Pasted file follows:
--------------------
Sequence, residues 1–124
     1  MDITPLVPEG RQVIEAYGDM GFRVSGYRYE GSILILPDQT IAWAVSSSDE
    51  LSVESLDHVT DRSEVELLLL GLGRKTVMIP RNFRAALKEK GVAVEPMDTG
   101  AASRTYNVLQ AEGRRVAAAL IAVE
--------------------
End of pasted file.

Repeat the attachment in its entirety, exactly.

Sequence, residues 1–124
     1  MDITPLVPEG RQVIEAYGDM GFRVSGYRYE GSILILPDQT IAWAVSSSDE
    51  LSVESLDHVT DRSEVELLLL GLGRKTVMIP RNFRAALKEK GVAVEPMDTG
   101  AASRTYNVLQ AEGRRVAAAL IAVE